The ESP8266 is an amazingly cheap and super powerful chip made by Espressif Systems that can be used to internet-enable virtually anything. For around $3 you get an wifi enabled chip that can be used to create sensor networks, create home automation solutions, etc. For a few bucks more you can get an ESP8266-based development board with more GPIOs, Analog-Digital conversion, PWM, a voltage regulator and much more with the Adafruit ESP8266 HUZZAH or the NodeMCU Development Board. Both are awesome, for this blog post I’m using the Adafruit HUZZAH ESP8266 Breakout board, but I’ve also got this working with the NodeMCU board.
For this project, I wanted to create a temp, humidity and light logger that would stream data to both Thingspeak, so I can easily visualize the data, and to Azure Event Hubs so I can perform additional analytics. To read temp & humidity, I’m using the DHT11 sensor. For measuring light, I’m using a simple photocell. I’m using the Adafruit ESP8266 Huzzah as the development board, and am programming it using the Arduino IDE. This post over on Adafruit will give you everything you need to know about setting up the development environment: https://learn.adafruit.com/adafruit-huzzah-esp8266-breakout Since the components are so cheap, I can create a fleet of these things and deploy them throughout my house if I wanted to get crazy.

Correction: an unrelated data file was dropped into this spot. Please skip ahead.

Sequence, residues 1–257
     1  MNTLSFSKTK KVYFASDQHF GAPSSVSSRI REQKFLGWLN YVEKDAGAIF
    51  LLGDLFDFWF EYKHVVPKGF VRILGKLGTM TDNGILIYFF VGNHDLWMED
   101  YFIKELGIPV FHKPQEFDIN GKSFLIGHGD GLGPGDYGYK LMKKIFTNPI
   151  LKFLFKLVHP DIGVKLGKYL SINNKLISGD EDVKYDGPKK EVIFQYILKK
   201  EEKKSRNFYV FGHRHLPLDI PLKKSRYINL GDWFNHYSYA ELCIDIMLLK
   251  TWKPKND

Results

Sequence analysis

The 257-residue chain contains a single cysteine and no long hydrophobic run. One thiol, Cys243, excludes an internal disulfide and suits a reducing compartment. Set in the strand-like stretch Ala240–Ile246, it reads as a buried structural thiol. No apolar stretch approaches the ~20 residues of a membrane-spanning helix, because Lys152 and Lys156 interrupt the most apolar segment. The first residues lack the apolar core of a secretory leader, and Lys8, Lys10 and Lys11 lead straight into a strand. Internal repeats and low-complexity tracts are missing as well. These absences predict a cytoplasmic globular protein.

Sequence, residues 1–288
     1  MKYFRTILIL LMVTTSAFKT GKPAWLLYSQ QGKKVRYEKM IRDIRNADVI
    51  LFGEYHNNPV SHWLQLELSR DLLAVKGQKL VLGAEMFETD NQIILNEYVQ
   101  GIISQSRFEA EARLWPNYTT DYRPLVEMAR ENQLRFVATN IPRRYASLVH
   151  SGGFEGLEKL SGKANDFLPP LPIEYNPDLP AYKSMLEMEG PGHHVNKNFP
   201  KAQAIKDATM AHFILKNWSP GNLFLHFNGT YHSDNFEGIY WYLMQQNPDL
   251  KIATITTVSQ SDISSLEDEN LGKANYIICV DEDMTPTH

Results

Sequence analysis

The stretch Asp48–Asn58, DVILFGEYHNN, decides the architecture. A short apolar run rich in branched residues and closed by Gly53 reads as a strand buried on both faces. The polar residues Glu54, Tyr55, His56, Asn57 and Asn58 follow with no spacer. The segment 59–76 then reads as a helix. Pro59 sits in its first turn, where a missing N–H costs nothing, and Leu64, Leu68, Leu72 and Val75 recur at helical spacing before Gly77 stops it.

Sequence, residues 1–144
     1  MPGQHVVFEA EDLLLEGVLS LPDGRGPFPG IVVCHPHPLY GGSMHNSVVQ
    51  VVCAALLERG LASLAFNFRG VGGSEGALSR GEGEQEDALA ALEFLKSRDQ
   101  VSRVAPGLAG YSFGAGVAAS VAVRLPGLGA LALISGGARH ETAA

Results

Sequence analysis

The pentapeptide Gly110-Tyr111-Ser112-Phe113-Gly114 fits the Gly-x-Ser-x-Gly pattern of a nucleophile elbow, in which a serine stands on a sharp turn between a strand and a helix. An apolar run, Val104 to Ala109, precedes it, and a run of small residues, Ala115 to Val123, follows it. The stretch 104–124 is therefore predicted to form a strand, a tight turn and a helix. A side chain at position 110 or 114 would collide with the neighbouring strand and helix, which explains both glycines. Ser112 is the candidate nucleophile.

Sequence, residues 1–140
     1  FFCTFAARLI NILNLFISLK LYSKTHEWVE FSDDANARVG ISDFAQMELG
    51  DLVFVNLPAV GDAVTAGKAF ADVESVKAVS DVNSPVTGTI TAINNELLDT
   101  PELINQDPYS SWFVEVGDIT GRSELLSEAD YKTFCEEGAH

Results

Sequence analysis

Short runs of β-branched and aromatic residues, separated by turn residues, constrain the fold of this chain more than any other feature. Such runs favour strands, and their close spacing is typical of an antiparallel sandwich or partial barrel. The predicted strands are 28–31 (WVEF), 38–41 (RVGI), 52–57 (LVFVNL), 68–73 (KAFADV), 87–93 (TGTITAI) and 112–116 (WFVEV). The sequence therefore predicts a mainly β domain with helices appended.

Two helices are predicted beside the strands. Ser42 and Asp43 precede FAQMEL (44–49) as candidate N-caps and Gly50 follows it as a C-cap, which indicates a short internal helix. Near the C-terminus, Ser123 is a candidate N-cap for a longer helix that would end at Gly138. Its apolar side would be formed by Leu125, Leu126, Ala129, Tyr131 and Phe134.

I’ve wired the photocell to the single analog pin (A) on the board. I have a voltage divider on the photocell with a 10K resistor and a 440 Ohm resistor. It took some experimenting to get this right, but with these values the input values on the A pin max out at 1024 right when all of the lights in my basement are turned on, so I’m happy with it. The DHT11’s data pin is wired to digital input pin #2 with a 10K resistor.
Sending data to Thingspeak is easy, all it takes is an HTTP GET with the different data values (temp, humidity, light) passed as querystring parameters. I’m sending the data every 10 seconds and get nice charts that look like this:
Azure Event Hubs supports massive amounts of data ingestion. So, if I needed highly scalable solution, Event Hubs would be able to handle millions of events per second. It also allows me plug in adapters so I can react to trends in the data (e.g. temp in the basement is steadily increasing over time, do X). At this time, the ESP8266 doesn’t support HTTPS (that I can tell, let me know in the comments if I’m wrong here), which is a requirement if we’re going to post a message to an Azure Event Hub via their REST API. As an easy workaround I created a simple node.js gateway that receives messages from the ESP8266 and then sends them to my Azure Event Hub. I can easily deploy this gateway to a microcontroller such as a Raspberry PI on the same secure WIFI network as my sensors, which would then relay the messages to Azure Event Hubs over HTTPS.
The node.js gateway
This code is using the event-hub-client npm package, which seems to work well.
Once the messages are sent to Event Hubs, we can use Azure Stream Analytics to filter, analyze, aggregate and react to the events that are being sent. For instance, I can create query that shows me the average temp, humidity and light in a rolling 30 second window:
There’s much, much more that can be done with Stream Analytics, take a look at the docs to go a bit deeper:
In conclusion, we were able to construct an IoT sensor network using ESP8266, send actual temp, humidity and light info to both ThingSpeak and Azure Event Hubs, and then we concluded by performing a bit of analysis on the data sent to the event hubs.